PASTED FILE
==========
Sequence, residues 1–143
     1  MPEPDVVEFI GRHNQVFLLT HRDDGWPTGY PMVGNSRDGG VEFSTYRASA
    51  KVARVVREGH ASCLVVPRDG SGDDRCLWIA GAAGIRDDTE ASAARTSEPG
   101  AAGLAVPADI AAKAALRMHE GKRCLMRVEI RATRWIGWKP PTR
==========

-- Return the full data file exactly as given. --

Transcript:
Sequence, residues 1–143
     1  MPEPDVVEFI GRHNQVFLLT HRDDGWPTGY PMVGNSRDGG VEFSTYRASA
    51  KVARVVREGH ASCLVVPRDG SGDDRCLWIA GAAGIRDDTE ASAARTSEPG
   101  AAGLAVPADI AAKAALRMHE GKRCLMRVEI RATRWIGWKP PTR